In her time on the Board of Supervisors, Brown has championed the creation of a triage center where homeless people living in RVs and other vehicles can stay and obtain city services. She also was instrumental in pushing for higher pay for Muni bus and train operators, which is expected to help ease a driver shortage that has slowed Muni service for thousands.

She was virtually alone on the Board of Supervisors in her support for state Sen. Scott Wiener’s Senate Bill 50, which would have allowed taller housing to be built near transit lines across California. Brown has also drawn fire from progressives for her opposition to oversight for the Department of Homelessness and Supportive Housing.

Brown has also come under fire in recent weeks after the news emerged that she had evicted tenants from a property in the 1990s and then falsely claimed in campaign materials and public statements that those tenants had not paid rent. That claim was later proven incorrect after the San Francisco tenants union unearthed documents connected with the eviction and one of the tenants, Mary Packer, came forward. Brown has since apologized for the false statements.

Preston has called for city crackdowns on Uber and Lyft drivers and free Muni service for all. He has also called for San Francisco to begin licensing landlords, so that if a landlord violated the law, their license to operate could be revoked.

He has not held elected office previously. Preston suffered a blow to his campaign when he could not muster enough votes at the local Democratic Party board to earn their endorsement, a coveted stamp of approval.

Between individual $500 contributions and government-funded public financing, Brown had raised at least $486,408 as of Tuesday morning, and Preston at least $440,932, according to the San Francisco Ethics Department.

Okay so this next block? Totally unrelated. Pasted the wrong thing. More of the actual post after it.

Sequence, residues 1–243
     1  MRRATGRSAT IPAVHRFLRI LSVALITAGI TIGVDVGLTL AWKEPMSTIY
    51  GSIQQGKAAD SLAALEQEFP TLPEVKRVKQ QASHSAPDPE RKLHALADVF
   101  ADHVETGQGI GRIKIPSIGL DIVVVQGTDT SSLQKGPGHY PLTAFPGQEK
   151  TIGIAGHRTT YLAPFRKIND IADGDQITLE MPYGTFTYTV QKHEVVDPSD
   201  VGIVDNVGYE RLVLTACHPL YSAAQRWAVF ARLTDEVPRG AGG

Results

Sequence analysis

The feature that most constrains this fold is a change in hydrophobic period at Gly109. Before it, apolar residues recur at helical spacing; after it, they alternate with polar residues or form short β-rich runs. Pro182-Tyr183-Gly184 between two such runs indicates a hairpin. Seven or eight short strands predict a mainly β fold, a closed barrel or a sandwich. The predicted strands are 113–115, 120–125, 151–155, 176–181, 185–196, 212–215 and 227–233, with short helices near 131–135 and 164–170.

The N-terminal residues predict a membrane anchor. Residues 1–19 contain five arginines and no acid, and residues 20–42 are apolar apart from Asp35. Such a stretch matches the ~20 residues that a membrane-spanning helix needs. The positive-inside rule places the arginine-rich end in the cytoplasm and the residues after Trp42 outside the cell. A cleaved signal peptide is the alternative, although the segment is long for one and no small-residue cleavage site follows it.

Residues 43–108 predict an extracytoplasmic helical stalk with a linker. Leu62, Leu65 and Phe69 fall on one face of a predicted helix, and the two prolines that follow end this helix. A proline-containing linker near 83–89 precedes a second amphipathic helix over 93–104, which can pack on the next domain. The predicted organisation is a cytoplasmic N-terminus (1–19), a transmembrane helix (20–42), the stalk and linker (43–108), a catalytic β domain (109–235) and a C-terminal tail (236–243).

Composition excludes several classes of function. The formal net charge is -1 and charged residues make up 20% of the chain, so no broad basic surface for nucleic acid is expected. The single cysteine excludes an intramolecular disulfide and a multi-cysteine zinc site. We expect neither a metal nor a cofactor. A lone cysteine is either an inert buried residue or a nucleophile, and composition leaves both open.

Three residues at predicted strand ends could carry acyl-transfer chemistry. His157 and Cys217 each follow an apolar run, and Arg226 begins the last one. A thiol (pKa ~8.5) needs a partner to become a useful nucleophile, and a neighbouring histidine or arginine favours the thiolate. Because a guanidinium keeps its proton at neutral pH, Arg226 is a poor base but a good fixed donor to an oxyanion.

Meanwhile, tens of thousands of dollars in outside spending from interest groups flooded the race to influence voters in the final days before the election. These independent expenditure committees, as they are called, can raise money in infinite amounts as long as they are not coordinating with candidates.

The California Association of Realtors has spent more than $100,000 attacking Preston, and another group called Friends and Neighbors in Support of Vallie Brown spent more than $45,000 in support of the candidate, with funding sourced from the International Brotherhood of Electrical Workers and the San Francisco Firefighters Union, according to the Ethics Department.

The United Educators of San Francisco has spent roughly $65,000 supporting Preston in its own committee.

Nomvula O’Meara and Ryan Lam, two other candidates for the District 5 race and relative newcomers, did not raise significant campaign funds and were not expected to garner a significant portion of the D5 vote.

Joe Fitzgerald Rodriguez, Ida Mojadad and Sara Gaiser contributed to this report.